Roles Changing for Management Accountants
Management accountants now spend more time wrestling with strategic issues than ever before. New research revealed they spend less of their time performing traditional accounting functions and more time on strategic planning, internal consulting and computer-based operations.
Long-term strategic planning topped the list of work activities most critical to company success for the majority of accountants in business and industry (53%) surveyed in Counting More, Counting Less: The 1999 Practice Analysis of Management Accounting, published by the Institute of Management Accountants (IMA).
Planning was followed by working on computer systems and operations, process improvement and performing financial and economic analyses. According to the accountants surveyed, internal consulting, strategic planning, and working on computer systems now occupy more time than they did five years ago. Conversely, accounting systems and financial reporting take less time.
“Now accountants and financial managers are part of the management team and part of the decision-making process,” said IMA President C.S. “Bud” Kulesza. Where once a management accountant’s main role was simply to identify problems, now he or she is called on to provide solutions. “In response, accountants and financial managers are stepping forward with good analyses and ideas on how to solve issues,” he said.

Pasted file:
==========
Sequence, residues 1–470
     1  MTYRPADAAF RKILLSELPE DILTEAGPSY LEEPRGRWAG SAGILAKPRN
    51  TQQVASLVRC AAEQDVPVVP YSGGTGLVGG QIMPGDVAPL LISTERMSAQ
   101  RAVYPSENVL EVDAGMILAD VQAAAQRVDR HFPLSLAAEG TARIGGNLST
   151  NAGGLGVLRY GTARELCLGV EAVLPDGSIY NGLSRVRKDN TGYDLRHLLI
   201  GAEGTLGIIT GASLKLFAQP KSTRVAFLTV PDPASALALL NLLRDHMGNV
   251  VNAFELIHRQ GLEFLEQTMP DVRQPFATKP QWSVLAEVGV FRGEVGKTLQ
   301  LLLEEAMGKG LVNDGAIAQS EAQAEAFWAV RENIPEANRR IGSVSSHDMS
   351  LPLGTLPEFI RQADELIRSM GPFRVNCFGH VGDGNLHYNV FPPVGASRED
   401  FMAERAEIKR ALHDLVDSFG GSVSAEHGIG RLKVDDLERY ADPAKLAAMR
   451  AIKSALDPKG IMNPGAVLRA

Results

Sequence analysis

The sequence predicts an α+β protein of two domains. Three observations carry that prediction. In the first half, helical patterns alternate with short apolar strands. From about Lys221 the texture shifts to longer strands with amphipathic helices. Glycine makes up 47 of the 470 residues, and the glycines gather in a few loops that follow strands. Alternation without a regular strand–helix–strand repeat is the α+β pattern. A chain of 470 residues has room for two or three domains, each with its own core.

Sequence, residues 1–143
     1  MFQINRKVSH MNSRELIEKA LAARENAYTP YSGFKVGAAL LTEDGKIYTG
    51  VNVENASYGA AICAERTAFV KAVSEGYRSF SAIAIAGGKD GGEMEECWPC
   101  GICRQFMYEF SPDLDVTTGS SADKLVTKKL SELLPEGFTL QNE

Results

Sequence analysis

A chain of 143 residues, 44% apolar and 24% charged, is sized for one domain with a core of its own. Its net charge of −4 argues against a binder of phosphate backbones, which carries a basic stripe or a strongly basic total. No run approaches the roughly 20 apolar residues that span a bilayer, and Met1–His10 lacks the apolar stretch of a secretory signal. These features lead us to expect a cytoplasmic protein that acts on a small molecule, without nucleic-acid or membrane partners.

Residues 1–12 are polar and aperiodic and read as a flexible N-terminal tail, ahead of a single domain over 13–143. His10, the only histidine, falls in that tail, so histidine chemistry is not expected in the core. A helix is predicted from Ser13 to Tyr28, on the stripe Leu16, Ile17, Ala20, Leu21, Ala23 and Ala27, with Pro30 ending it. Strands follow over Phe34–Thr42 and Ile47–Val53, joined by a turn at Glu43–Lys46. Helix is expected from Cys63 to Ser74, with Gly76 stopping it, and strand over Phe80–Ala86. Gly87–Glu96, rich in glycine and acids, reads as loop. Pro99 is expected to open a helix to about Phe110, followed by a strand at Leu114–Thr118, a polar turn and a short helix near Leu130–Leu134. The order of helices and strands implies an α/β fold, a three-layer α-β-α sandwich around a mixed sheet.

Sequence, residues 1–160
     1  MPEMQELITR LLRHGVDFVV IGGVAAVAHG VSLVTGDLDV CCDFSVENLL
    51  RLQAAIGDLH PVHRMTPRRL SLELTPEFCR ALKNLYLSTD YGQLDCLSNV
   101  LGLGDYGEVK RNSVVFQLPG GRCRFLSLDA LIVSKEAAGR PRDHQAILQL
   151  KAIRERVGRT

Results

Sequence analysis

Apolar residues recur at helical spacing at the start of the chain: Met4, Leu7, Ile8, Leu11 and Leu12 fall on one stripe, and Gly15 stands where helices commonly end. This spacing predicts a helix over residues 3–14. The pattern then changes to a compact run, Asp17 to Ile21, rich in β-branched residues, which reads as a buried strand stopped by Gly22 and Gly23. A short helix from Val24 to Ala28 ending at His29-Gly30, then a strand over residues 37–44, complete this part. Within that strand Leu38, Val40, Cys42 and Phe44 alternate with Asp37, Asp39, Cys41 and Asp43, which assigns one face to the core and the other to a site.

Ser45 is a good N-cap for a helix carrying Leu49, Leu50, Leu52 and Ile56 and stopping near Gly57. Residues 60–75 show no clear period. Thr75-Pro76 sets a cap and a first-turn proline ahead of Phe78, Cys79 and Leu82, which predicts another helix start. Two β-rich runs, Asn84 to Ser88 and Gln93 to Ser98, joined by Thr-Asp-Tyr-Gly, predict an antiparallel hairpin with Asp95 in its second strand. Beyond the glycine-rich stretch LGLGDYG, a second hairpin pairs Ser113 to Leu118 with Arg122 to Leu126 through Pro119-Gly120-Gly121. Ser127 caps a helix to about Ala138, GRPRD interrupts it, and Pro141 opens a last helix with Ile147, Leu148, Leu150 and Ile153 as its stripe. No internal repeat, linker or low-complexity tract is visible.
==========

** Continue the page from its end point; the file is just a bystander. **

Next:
University accounting departments are also responding to the challenge of the changing skills accountants need to perform their new roles.
Addressing the second key finding of the study—that accounting graduates enter the work force without the fundamental skills they need to succeed in their careers—Kulesza said universities were using the IMA study to modify their current curriculums to prepare students with the new skill requirements. “This report on the state of our profession illuminates the changes necessary within academia, corporate America and professional organizations.”
Polansky Family Accepts Award
In recognition of Gerald A. Polansky’s contribution to the accounting profession, the AICPA posthumously awarded him the Gold Medal for Distinguished Service. Polansky, who died this year, was chairman of the AICPA board of directors from 1991 to 1992. A former partner at Deloitte & Touche, he was associated with the AICPA for more than 25 years.